Jody Wright Director of Player Personnel Not available
Justin Dickens Director of Football Operations $149,750
Jeff Allen Head Athletic Trainer $147,803
Cedric Burns Athletic Relations Coordinator $130,738
Freddie Roach Director of Player Development $129,477
Glenn Schumann Player Development/Player Personnel $116,333
Amy Bragg Director of Performance/Nutrition $113,182
Ashleigh Kimble Assistant Director of Player Personnel $68,370
Asha Sovell Recruiting Operations Coordinator $55,289
Ellis Ponder Associate Director of Football Operations $23,462*

Video graduate assistants, on-field graduate assistants and football analysts crunch film. They diagram and organize playbooks, make cutups, help put together scouting reports and make sure playbooks are available in different formats depending on how a player learns best.

“It allows coaches to focus on coaching,” Alabama defensive coordinator Kirby Smart said. “It allows more input. It also allows you to see an offense from years past, look at (what they did) three years ago and what they did in a situation. It just gives you more manpower and gets you more ready."

If this sounds like a mini-NFL organization, well, “it really does,” acknowledged Clemson director of recruiting Brad Scott, who is charged with helping freshmen football players off the field. “I think you’re seeing some patterns from the NFL. They might call their guys 'quality control,' and our guys are 'player development' and analysts for the coaches.”

And the money within this cottage industry is growing.

For instance, Alabama director of player personnel Kerry Stevenson made more in 2015 ($181,309) than 45 percent of the FBS assistant coaches listed in the USA Today coaching salary database. Mike Dooley, Clemson’s director of high school relations and player personnel, wasn’t far behind Stevenson at $150,000.

Stevenson’s salary was higher than on-field assistants at schools such as Oklahoma State, Utah, North Carolina, Colorado, Oregon State, Illinois, Virginia, Maryland, Indiana, Purdue and California. Four assistants at Kansas made less than Stevenson.

Woody McCorvey, Clemson associate athletic director for football administration, made $245,000 in 2015, a 77-percent increase when factoring in inflation since he was hired in 2009. McCorvey’s salary today mirrors what Clemson on-field assistant coaches made four years ago.

McCorvey said he views his role as general manager of Clemson’s football team. When McCorvey took the job in 2009, he talked to three NFL general managers at the time -- Ozzie Newsome of the Baltimore Ravens, Buddy Nix of the Buffalo Bills and Kevin Colbert of the Pittsburgh Steelers -- to develop a GM model for college football.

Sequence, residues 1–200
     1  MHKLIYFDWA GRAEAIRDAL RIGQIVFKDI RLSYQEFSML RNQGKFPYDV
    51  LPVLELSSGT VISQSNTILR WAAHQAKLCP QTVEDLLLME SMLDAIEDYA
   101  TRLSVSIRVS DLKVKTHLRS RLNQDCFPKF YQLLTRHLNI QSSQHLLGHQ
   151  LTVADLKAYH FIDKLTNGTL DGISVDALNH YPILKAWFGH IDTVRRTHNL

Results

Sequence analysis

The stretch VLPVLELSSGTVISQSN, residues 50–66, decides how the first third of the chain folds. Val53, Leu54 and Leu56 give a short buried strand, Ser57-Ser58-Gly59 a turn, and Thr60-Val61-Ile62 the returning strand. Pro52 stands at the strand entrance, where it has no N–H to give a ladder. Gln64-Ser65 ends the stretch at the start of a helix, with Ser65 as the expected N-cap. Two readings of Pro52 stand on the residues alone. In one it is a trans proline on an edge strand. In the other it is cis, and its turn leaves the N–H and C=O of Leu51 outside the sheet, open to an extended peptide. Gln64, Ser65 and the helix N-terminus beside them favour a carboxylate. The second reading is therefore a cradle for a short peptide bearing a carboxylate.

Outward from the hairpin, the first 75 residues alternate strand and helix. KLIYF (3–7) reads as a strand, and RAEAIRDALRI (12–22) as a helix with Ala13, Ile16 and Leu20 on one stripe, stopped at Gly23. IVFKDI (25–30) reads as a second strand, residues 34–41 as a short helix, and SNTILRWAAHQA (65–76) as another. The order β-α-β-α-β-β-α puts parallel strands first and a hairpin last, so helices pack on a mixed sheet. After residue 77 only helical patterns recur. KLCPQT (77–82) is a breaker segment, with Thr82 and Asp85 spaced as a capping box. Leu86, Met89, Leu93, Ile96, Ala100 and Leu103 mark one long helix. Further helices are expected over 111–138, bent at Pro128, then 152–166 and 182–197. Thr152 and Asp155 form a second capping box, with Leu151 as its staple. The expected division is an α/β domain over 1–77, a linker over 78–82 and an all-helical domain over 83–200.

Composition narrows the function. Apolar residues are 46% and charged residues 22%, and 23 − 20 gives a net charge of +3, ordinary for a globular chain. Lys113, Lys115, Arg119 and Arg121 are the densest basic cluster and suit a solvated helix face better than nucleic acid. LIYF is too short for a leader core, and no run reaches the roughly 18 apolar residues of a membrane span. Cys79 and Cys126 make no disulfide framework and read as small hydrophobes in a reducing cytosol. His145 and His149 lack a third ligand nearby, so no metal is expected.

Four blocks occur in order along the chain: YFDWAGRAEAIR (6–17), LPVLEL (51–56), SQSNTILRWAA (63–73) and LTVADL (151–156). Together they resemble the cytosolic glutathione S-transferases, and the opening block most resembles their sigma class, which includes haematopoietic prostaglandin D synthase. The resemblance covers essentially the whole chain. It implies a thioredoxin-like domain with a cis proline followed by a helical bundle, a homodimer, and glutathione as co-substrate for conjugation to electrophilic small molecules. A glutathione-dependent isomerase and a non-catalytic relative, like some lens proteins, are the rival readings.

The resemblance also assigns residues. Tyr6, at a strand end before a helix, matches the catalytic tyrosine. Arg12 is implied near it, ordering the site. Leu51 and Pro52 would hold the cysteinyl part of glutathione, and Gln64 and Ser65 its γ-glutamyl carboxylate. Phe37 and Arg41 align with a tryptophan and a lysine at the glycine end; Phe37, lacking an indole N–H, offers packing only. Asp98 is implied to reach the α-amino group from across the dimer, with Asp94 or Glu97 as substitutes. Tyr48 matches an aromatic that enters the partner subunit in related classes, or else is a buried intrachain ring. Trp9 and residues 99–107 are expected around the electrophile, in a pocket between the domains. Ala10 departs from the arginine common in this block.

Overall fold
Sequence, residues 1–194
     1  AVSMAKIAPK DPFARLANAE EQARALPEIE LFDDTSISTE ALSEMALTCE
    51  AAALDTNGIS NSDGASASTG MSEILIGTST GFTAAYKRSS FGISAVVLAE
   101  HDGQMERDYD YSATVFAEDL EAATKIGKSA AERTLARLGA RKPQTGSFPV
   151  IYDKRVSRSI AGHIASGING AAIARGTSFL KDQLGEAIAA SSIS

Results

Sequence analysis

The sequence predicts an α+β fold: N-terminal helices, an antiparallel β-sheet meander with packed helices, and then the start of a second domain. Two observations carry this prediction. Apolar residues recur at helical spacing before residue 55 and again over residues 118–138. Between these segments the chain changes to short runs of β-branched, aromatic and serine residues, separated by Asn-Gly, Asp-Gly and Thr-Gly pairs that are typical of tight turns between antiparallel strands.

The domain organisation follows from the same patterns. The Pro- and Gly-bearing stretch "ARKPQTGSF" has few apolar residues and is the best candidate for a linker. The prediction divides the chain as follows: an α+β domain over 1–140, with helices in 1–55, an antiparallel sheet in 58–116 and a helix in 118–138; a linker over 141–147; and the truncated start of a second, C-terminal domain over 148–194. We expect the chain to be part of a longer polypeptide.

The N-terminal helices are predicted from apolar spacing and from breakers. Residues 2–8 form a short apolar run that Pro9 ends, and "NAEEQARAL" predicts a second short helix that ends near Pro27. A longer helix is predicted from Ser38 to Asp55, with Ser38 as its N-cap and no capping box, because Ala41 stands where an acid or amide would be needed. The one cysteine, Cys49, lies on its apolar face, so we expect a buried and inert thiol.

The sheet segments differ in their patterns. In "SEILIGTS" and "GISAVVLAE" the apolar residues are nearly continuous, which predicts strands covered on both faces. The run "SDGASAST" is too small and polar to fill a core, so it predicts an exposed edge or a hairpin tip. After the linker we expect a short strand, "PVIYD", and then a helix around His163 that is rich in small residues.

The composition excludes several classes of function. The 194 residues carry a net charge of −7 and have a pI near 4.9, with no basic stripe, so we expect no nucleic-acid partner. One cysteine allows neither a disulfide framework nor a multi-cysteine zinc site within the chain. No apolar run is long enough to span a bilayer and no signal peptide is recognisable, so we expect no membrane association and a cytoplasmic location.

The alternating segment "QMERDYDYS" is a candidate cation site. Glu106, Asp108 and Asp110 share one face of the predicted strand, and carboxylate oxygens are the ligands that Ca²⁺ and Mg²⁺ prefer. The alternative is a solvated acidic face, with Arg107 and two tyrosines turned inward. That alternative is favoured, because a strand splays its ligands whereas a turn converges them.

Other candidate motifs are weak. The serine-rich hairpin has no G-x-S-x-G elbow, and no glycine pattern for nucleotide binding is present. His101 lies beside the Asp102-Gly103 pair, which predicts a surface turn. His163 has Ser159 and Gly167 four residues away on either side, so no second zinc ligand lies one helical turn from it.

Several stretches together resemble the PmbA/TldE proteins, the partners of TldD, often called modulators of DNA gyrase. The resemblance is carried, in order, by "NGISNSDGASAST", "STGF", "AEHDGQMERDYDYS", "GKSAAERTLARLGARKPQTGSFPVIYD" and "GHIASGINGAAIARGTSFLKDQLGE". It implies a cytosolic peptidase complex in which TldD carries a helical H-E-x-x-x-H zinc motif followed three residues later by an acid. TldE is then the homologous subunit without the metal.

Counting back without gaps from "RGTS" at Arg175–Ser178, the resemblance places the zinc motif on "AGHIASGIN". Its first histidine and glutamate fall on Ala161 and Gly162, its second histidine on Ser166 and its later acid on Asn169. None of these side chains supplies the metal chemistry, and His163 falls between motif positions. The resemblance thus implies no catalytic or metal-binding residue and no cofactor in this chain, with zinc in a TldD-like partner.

McCorvey supervises the football budget and works with other staffers to oversee players’ academic progress. Swinney has referred to McCorvey, a former Clemson and Alabama assistant coach, as “my national security advisor.”

Partial List of Clemson Support Staff
Name Job Title Salary
Woody McCorvey Associate AD/Football Administration $245,000
Joey Batson Director of Strength and Conditioning $245,000
Brad Scott Assistant AD/Director of Recruiting $208,080
Thad Turnipseed Director of Recruiting and External Affairs $160,000
Mike Dooley Director of High School Relations/Player Personnel $150,000
Jeff Davis Assistant AD/Football Players Relations $135,802
Andrew Warwick Defensive Player Development $99,282
Danny Poole Director of Sports Medicine $96,000
Todd Green Director of Football Coaching Technology $84,000
Daniel Bassett Director of Football Programs $78,000
Lemanski Hall Defensive Analyst/Research Development $67,000
Abe Reed Director of Equipment $63,000
Brandon McCombs Special Teams Analyst/Research Development $53,010
Lisa Chan Sports Nutritionist $51,500

McCorvey said he and assistant athletic directors Jeff Davis and Scott constantly communicate with the academic staff via email. They are a filter for what Swinney and other assistants do or don’t need to handle.

“It helps free up coaches so you don’t bring them in academic meetings all the time,” McCorvey said. “Those meetings can be really time-consuming.”

Scott, a former South Carolina head coach and Clemson offensive coordinator, describes himself as the “freshmen player development guy” who insulates Swinney from minor issues that parents or players might think are huge. By that, he means once a player enrolls to Clemson, Scott is their “coach” off the field for their first year and he handles housing, dining, study hall and tutorial programs, just to name a few areas.

“It’s to make sure they don’t fall through the cracks,” Scott said. “Freshmen get here and there’s so much expectations. They’ve got a little entitlement issue, too. So Coach felt like, especially as your talent pool gets better, those guys start at the back of the line and it’s tough to stay on top of them. My job is to make sure someone is watching after freshmen.”

Scott is also in charge of helping committed recruits jump through NCAA hoops to become academically eligible, a duty that an on-field assistant used to handle as recruiting coordinator. When a Clemson coach believes a player is good enough for a scholarship offer, Swinney turns to Scott to develop an academic profile on where the player stands to qualify. Scott said he becomes the person who realizes whether a recruit needs to retake a class sooner rather than later in his high school career to become eligible.

“It wasn’t that long ago when I was a head coach (1994-98) that you did a lot of this stuff, or it was on your desk and you were assigning coaches,” Scott said. “Some coaches were better at it than others, and sometimes you'd be a little disappointed that the follow-through wasn’t there. Maybe my job is the follow-through. You don’t see many programs making it to this level that don’t have a tremendous support staff around their head coach.”